Airbnb to collect hotel taxes in San Francisco

Starting this summer, the online vacation rental service plans to collect and remit taxes on behalf of hosts.

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Airbnb San Francisco
Screenshot by CNET

Airbnb, the online peer-to-peer vacation rental service, announced Monday it plans to start paying hotel taxes in San Francisco this summer. The move comes less than a week after news that the company will do the same in Portland, Ore.

Although the details are still being worked out, the company said its "goal is to launch this program for San Francisco hosts this summer."

Airbnb said it will collect and remit the taxes on behalf of hosts in San Francisco, where the hotel tax is 14 percent.

"We have repeatedly said that we believe our community in San Francisco should pay its fair share of taxes," David Hantman, Airbnb head of global public policy, wrote in a blog post. "We know from countless discussions with our hosts that they want to pay taxes, but some of these rules are arcane and difficult to follow. Some hosts have even tried to pay taxes in San Francisco and been turned away."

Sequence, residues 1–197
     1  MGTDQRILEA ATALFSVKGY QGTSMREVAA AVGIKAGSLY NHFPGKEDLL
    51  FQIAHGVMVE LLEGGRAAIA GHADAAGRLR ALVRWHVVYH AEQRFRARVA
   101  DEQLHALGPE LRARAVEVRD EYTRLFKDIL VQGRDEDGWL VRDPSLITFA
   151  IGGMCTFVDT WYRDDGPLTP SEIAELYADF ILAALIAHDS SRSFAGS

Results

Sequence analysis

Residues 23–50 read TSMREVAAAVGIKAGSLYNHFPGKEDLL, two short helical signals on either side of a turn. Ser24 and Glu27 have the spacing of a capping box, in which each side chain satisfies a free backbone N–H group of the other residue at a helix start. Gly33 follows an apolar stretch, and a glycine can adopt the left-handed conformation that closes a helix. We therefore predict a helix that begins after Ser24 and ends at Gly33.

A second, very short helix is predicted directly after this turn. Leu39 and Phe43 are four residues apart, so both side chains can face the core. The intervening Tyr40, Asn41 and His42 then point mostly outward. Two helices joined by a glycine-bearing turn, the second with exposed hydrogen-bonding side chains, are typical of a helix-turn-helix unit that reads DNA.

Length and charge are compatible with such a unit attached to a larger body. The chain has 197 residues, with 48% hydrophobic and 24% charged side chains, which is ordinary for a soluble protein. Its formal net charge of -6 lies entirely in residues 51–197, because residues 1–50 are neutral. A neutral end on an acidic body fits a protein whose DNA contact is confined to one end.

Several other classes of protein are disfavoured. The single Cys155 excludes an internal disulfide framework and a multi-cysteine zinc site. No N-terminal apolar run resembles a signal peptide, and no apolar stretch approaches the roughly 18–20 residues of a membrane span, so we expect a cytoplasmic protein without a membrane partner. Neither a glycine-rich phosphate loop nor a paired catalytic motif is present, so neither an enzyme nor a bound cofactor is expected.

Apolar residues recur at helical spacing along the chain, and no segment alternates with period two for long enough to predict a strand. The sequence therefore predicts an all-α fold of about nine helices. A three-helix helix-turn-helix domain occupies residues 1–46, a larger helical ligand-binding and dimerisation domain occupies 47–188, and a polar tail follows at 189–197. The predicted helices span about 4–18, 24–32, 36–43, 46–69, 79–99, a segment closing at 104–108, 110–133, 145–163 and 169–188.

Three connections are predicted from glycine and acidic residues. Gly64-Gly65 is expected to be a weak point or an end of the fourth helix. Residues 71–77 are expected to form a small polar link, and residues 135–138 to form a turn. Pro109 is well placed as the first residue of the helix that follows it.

The company has tangled with officials from some cities because of tax issues and local laws that prohibit short-term rentals of residences.

"Of course, we don't always agree with governments about what sales and occupancy taxes are owed under the law, if any. Our hosts are not hotels, and most of these tax laws were not designed for them," Hantman wrote.

"But whether or not we agree with the tax laws, we want to help our hosts follow the rules. It's good for the government officials who won't have to identify hosts and collect the taxes themselves: we'll do the work for them. And it's good for hosts who want to pay their fair share," he said.

The company, founded in San Francisco, announced earlier this month it will open a customer service center in Portland, which will serve as its North American operational headquarters.

Earlier this month, The Wall Street Journal reported that Airbnb was looking to raise $400 million to $500 million in a funding round.

CNET News has contacted Airbnb for more details. We'll update the story when we hear back.